THE BIG CONVERSATION:
Settle in, because voter ID's not going anywhere anytime soon.
The state Senate passed the legislation Wednesday, and ensuing legal battles could keep the issue alive for months after final legislative approval, but first the bill — which requires Texans to present a form of photo identification before voting — must be sent to the House.
It should pass easily there, given Republicans' supermajority, but it could take at least another month as lawmakers wait for committee appointments.
In the meantime, Democrats — though essentially powerless to block the legislation or enact any major changes — hope the protracted process will help them tweak the bill to mitigate worries over minority disenfranchisement.
"It's going to be thoroughly vetted on this side," Rep. Sylvester Turner, D-Houston, tells the Austin American-Statesman. "And I think there's hope over here that we can address some of the issues so the measure won't have that chilling effect."
As the Statesman notes, House members expect to debate a number of issues left unresolved by the Senate, including the costs associated with educating voters about the change in law and assistance for voters in remote areas with limited access to state offices that issue photo IDs.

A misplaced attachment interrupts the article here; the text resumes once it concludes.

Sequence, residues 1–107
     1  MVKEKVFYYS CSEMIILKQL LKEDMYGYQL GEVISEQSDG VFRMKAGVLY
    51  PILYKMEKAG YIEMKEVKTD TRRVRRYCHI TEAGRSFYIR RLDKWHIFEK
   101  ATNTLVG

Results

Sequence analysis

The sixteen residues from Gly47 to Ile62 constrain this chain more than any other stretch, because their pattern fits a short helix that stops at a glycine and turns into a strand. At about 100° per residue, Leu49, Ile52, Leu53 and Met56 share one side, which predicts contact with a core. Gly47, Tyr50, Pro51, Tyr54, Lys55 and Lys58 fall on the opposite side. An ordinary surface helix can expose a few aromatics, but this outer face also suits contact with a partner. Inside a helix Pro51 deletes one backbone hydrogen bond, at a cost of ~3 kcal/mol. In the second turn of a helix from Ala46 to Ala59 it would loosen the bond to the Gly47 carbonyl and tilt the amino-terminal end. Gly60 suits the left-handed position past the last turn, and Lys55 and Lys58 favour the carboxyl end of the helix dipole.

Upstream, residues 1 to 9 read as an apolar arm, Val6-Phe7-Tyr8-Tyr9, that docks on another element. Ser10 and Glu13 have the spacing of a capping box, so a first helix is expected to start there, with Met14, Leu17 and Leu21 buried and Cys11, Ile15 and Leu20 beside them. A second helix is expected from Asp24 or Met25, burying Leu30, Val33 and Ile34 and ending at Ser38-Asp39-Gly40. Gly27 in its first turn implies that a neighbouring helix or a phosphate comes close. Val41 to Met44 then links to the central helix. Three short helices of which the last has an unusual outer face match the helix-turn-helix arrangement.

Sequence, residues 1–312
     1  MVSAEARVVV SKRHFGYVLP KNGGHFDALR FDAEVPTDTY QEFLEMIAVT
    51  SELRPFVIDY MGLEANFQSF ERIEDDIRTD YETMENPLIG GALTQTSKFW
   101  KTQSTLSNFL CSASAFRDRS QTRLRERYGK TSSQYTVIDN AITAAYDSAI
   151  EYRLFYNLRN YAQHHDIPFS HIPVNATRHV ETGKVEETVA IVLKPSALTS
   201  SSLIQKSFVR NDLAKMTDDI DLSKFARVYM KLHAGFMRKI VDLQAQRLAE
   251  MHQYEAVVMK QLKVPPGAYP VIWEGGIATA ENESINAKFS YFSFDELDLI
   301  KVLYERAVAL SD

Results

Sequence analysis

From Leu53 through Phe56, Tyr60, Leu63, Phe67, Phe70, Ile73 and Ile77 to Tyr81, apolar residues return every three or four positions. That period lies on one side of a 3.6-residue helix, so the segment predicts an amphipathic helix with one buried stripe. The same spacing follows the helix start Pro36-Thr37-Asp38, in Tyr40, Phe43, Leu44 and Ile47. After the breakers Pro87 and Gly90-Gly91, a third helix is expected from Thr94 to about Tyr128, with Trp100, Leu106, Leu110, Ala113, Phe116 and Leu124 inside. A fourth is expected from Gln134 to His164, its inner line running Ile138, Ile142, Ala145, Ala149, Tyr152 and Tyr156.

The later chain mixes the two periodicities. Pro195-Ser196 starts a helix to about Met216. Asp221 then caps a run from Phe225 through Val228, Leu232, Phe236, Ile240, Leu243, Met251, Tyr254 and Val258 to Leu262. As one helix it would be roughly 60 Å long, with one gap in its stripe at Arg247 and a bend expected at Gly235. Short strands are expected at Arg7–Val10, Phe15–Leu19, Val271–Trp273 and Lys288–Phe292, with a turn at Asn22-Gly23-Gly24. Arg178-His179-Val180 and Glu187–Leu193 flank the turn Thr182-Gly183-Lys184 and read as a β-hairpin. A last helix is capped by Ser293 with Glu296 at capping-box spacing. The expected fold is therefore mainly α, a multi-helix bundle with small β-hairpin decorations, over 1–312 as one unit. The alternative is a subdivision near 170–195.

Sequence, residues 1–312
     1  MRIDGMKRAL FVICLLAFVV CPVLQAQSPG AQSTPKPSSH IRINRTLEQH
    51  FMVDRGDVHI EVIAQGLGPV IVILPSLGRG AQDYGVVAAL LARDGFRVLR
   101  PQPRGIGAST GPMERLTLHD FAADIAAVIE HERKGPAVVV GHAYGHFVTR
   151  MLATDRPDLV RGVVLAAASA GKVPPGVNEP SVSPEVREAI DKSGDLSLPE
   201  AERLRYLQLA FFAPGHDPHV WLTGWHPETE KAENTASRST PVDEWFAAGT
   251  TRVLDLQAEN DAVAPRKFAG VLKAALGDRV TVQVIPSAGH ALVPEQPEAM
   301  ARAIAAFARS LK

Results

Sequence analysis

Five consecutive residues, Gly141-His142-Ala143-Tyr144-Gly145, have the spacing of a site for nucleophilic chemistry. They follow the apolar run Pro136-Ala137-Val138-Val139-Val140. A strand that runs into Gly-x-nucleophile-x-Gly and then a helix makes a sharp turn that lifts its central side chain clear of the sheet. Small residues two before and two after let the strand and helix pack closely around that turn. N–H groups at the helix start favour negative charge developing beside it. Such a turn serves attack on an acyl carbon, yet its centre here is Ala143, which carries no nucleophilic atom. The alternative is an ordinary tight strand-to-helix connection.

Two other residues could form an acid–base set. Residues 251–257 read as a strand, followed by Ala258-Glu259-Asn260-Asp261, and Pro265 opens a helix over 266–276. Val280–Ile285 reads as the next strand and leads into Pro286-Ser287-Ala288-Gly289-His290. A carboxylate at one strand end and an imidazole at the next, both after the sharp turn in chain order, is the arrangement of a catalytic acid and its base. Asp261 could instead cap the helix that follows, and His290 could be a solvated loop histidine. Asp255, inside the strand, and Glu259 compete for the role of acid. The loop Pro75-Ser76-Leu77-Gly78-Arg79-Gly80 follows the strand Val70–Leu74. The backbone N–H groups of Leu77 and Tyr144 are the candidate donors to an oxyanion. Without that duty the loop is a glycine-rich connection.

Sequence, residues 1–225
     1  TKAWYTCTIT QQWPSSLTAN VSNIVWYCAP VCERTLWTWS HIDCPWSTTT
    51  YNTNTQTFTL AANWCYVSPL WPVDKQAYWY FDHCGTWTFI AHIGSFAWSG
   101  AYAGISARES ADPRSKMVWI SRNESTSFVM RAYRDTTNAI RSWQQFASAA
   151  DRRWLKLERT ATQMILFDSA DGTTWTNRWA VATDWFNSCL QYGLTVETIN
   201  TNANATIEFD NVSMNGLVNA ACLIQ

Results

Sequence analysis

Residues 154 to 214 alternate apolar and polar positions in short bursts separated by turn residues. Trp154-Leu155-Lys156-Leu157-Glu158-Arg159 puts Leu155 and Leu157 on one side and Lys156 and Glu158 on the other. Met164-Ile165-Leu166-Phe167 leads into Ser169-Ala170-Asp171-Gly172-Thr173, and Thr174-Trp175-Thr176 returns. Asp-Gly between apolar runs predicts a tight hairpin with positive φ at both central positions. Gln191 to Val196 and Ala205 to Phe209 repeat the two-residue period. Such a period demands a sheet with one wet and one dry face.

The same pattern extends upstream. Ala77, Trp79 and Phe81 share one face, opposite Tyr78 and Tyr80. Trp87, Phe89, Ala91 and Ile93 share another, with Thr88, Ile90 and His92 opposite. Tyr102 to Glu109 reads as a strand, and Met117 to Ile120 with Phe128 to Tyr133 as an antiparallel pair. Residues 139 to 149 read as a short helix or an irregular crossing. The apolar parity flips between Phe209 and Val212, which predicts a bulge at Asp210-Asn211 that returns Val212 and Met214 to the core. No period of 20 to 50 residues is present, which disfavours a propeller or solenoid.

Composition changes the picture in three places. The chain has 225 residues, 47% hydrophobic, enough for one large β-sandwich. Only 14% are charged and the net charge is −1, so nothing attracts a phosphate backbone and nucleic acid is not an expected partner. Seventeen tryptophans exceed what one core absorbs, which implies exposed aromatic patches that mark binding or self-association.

One House Republican, Phil King of Weatherford, even tells the Houston Chronicle he'd be willing to expand the definition of photo identification to include student ID cards.
But expect the battle to serve as merely a prelude to what some lawmakers have planned after the voter ID dust settles.
- It was the column heard 'round the Capitol rotunda this week. Texas Monthly's Paul Burka wasn't a fan. Today, the Tribune's Ross Ramsey weighs in on the controversy surrounding the column that's given rise to the age-old question: Are politicians' families fair game?
- Strike one name from the list of possible candidates looking succeed Kay Bailey Hutchison in the U.S. Senate. San Antonio Mayor Julián Castro, a rising star in the Texas Democratic Party, indicated on his Facebook page Thursday that he's running for re-election as mayor.
- Travis County prosecutors are reportedly ramping up an investigation of Texas lawmakers who've been accused of "double-dipping" into their campaign accounts to cover expenses.
"I am suggesting that I am quite likable." — Railroad Commissioner Michael Williams, who officially announced his candidacy for the U.S. Senate at a TribLive event Thursday, on the likability of Lt. Gov. David Dewhurst, considered by many to be the early front-runner for the seat
- Speak No Evil, The Texas Observer
- Legislative odd couple teaming up on payday lending bill, Austin American-Statesman
- Native Grasses Take Root (Again) in Texas, The Texas Tribune